And just so that there would be no misunderstanding, like the prophets before him, Jesus symbolically showed his friends what he was talking about: He took a small child into the middle of the room – and cradling the little one said: “Whoever embraces one of these children as I do, embraces me – and far more than me: the Lord who sent me.” (Mark 9: 30-37)

This is an invitation – and a challenge – to consciously and carefully put on a new way of living. It is a summons into kingdom conscious-ness – sacred living that brings the blessings of heaven into our ordinary human experience – a request to learn how to become Jesus for the world no matter where we find ourselves. The artists of God’s wisdom put it poetically in the first song of the Psalter like this:

Happy are those who do not follow the advice of the wicked, or take the path that sinners tread, or sit in the seat of scoffers; but their delight is in the law of the LORD, and on God’s way they meditate day and night. In this they become like trees planted by streams of water, which yield their fruit in their season, and their leaves do not wither. In all that they do, they prosper. The wicked are not so, but are like chaff that the wind drives away. Therefore the wicked will not stand in the judgment, nor sinners in the congregation of the righteous; for the LORD watches over the way of the righteous, but the way of the wicked will perish.

Bible scholar, Patrick Henry Reardon, notes that three postures are described: walking, standing and sitting. This is a teaching psalm, you see, a consideration of how our lives can become full and rich like that mighty tree that stands beside the water and yields fruit in its season. The wise and awakened soul: “… will not follow – or walk – within the counsel of the godless… nor stand in the way that sinners go or take up a seat among the scoffers.”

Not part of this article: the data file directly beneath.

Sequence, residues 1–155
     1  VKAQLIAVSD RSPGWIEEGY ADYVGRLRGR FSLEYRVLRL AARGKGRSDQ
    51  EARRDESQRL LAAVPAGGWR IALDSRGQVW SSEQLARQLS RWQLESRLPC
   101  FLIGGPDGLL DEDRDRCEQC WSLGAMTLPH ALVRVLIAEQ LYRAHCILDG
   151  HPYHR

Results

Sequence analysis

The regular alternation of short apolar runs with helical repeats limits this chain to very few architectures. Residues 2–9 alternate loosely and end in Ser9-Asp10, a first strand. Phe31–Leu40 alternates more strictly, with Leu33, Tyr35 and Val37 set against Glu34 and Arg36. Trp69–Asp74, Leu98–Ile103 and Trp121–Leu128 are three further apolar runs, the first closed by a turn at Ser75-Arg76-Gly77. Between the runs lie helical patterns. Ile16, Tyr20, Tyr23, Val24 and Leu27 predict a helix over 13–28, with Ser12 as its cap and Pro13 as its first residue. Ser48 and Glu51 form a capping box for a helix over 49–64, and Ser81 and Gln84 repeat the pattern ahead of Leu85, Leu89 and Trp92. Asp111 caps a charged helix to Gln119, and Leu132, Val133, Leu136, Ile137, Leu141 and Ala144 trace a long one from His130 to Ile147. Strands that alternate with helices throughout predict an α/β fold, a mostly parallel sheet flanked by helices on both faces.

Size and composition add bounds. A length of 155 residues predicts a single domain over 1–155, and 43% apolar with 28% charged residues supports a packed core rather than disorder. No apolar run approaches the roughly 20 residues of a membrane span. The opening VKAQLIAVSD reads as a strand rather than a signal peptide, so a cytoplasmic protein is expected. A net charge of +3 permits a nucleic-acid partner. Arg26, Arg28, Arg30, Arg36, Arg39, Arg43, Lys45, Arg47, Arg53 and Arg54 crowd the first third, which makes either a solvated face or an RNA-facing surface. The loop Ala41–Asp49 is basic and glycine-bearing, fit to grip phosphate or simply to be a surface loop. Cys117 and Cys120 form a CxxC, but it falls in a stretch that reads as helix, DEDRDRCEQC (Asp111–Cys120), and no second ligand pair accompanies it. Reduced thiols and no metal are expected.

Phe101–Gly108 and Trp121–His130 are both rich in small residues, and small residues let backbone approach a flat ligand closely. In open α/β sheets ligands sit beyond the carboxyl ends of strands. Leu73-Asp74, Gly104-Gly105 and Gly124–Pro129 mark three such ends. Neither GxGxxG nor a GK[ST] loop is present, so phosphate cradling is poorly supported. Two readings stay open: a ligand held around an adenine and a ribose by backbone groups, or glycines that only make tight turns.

+ Are you with me? Nourishing the counter-cultural values of God takes practice the poet is saying. They have to be nourished and cultivated so that our lives bear fruit.

+ Do you recall how St. Paul spoke of the fruit of God’s spirit? In Galatians 5: 22-23 he writes:

What happens when we live in God's way? God brings gifts into our lives, much the same way that fruit appears in an orchard—things like affection for others, exuberance about life, serenity. We develop willingness to stick with things, a sense of compassion in the heart, and a conviction that a basic holiness permeates all things and all people.

We find ourselves involved in loyal commitments, not needing to force our way in life on others and able to marshal and direct our energies wisely. Legalism is helpless in bringing this about; harsh rules only get in the way. Among those who belong to Christ, everything connected with getting our own way and mindlessly responding to what everyone else calls necessities is killed off for good—crucified—so that the Spirit may grow strong within and among us.

The first thing for us to consider today, then, is this: the way of Jesus and real kingdom living – a life that is fruitful and satisfying and nourishing – is not automatic. It takes practice. Encouragement. Making mistakes and accepting forgiveness – human and divine – over and over again and then learning something from these mistakes.

I love how our friends in AA put it: if you always do, what you’ve always done, you’ll always get, what you’ve always got! And the way of Christ – the way of living into God’s presence so that we are more of a blessing than a curse – is not about always doing what we’ve always done! Joan Chittister said it well: